"There appears in this record an element of apprehension on the part of the employee complainants as to their personal safety when freight cars are in motion both ahead and behind their already confined quarters. An employee functioning under such conditions cannot work safely or efficiently."

We do not believe that this order to confine the placing of the caboose in the middle of the train rather than at the end to emergencies usurps the management function, except insofar as every rule or condition imposed by a regulatory agency on the conduct of the business regulated constitutes some restriction in the authority of management. In this case the diminution of control in the case of one particular train for the maintenance of adequate, efficient, safe and reasonable service falls well within art. IV, § 401 of the Public Utility Law of May 28, 1937, P. L. 1053, 66 PS § 1171, and it is for the Commission to decide when the diminution is reasonably necessary in the interest of safety and the Commission's decision is not to be reversed unless arbitrary, capricious or unreasonable. Latrobe Water Co. v. P.S.C., 115 Pa. Superior Ct. 66, 174 A. 615 (1934).

[ 205 Pa. Super. Page 296]

The contention that the language of the order is not sufficiently certain as to be enforceable under the requirement of due process of law is without merit. The order is clear and comprehensible. And finally, the railroad contends that the order of the commission is an unconstitutional burden on interstate commerce. The Commerce Clause is violated only when the state impedes "substantially the free flow of commerce from state to state, or to regulate those phases of the national commerce, which because of the need for national uniformity, demand that the regulation, if any, be prescribed by a single authority." Southern Pacific Company v. Arizona, 325 U.S. 761 ((1945), at page 767). And at pages 770, 771, "There has thus been left to the states wide scope for the regulation of matters of local state concern, even though it in some measure affects the commerce, provided it does not materially restrict the free flow of commerce across state lines, or interfere with it in matters with respect to which uniformity of regulation is of predominant national concern. . . . Hence, the matters of ultimate determination here are the nature and extent of the burden which the state regulation of interstate trains, adopted as a safety measure, imposes on interstate commerce, and whether the relative weights of the state and national interests involved are such as to make inapplicable the rule, generally observed, that the free flow of interstate commerce and its freedom from local restraints in matters requiring uniformity of regulation are interests safeguarded by the commerce clause from State interference."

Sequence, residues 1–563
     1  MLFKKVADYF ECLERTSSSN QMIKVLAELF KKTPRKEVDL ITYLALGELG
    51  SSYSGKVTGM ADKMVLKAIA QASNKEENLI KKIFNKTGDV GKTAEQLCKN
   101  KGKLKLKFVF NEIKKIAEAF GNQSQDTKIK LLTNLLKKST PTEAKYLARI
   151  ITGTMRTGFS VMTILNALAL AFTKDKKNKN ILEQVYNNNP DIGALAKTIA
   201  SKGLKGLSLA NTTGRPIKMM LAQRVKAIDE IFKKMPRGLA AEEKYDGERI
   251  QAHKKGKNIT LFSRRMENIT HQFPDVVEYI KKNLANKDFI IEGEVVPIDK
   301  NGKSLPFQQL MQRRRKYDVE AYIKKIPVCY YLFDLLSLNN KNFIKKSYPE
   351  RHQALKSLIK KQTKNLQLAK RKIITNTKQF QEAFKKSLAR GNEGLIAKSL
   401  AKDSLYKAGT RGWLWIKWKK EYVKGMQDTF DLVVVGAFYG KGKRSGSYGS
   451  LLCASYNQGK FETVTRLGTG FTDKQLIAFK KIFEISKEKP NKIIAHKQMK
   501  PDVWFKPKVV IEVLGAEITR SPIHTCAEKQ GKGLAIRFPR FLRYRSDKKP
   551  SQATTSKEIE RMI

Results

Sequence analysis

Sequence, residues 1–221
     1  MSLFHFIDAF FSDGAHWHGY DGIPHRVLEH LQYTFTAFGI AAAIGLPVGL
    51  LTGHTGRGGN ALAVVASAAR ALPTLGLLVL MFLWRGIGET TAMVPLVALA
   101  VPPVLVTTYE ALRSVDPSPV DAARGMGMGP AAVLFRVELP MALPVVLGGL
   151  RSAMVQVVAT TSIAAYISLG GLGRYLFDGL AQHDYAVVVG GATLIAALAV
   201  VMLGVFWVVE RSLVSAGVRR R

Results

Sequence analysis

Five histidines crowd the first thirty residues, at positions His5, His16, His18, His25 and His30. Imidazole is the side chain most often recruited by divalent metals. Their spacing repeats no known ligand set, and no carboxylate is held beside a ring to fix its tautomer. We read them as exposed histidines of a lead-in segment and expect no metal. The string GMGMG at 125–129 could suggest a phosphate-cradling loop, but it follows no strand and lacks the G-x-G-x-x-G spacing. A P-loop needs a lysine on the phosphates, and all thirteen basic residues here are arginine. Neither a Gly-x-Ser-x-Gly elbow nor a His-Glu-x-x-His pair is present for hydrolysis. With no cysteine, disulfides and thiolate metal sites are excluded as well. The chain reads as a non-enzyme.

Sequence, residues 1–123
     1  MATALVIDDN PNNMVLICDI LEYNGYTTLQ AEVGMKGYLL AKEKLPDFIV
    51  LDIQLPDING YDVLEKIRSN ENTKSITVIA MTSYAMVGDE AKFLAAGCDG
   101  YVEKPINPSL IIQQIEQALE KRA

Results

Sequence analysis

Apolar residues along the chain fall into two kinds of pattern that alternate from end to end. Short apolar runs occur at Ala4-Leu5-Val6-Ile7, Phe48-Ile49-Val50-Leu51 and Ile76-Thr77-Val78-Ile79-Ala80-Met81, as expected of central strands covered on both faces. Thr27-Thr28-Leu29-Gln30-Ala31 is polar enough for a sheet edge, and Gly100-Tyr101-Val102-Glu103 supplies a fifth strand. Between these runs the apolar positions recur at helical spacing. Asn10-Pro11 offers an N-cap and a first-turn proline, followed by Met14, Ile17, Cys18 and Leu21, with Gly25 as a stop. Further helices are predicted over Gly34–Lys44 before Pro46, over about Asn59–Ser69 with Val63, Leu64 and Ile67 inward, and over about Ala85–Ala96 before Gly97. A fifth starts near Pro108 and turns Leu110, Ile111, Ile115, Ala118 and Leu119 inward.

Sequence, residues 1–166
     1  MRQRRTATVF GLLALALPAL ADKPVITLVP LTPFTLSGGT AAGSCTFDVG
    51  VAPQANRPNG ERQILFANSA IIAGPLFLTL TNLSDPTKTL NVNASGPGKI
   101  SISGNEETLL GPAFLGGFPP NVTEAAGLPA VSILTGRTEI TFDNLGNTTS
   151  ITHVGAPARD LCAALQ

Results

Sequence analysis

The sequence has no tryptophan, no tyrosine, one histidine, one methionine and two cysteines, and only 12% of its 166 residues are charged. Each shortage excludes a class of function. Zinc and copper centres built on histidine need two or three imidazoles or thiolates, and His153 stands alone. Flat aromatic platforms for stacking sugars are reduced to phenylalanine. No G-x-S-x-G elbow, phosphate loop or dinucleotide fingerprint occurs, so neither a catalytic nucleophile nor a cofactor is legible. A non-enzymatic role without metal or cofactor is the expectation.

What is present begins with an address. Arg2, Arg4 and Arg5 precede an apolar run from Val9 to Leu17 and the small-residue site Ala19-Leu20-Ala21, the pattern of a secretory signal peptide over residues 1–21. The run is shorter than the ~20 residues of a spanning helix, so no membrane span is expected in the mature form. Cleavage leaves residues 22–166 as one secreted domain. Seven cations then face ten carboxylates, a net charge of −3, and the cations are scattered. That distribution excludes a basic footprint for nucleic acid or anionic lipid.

In that case the court found that a requirement as to the length of trains was a burden on interstate commerce. The dropping off of cars when they entered the state and the attachment of cars when they left would impose an exorbitant price on the railroad. The court found that the regulation of length of trains required

[ 205 Pa. Super. Page 297]

    uniformity throughout the country. Although this case was decided in favor of the railroad the case of Terminal Railroad Association of St. Louis v. Brotherhood of Railroad Trainmen, 318 U.S. 1 (1942), was cited with approval. In the Terminal case the Supreme Court decided that a state regulation requiring that a caboose be attached to the rear of every train running throughout the state did not constitute an undue burden on interstate commerce. The Court held the regulation was a valid exercise of the state's power to regulate health and safety.

In Southern Pacific Company v. Railroad Commission of California, 10 F. Supp. 918 (Dist. Ct., N.D., Cal. 1935), upon which the appellant relies heavily, the commission ordered an unusual innovation in requiring a caboose in the middle of the train. The Court held at page 922: "The conclusion is inescapable that compliance with the order will necessitate delay and interfere with the continuous movement of interstate freight trains, but we cannot say that such delay, per se, is a direct burden upon interstate commerce." The reason for the order in the California case was to eliminate "riding out" by brakemen in adverse weather conditions while still allowing brakemen to station themselves in the caboose instead of on top of the cars. The crux of the California decision was that the order was void for vagueness as it did not state under what weather conditions a caboose in the middle was necessary.

Order affirmed.


Order affirmed.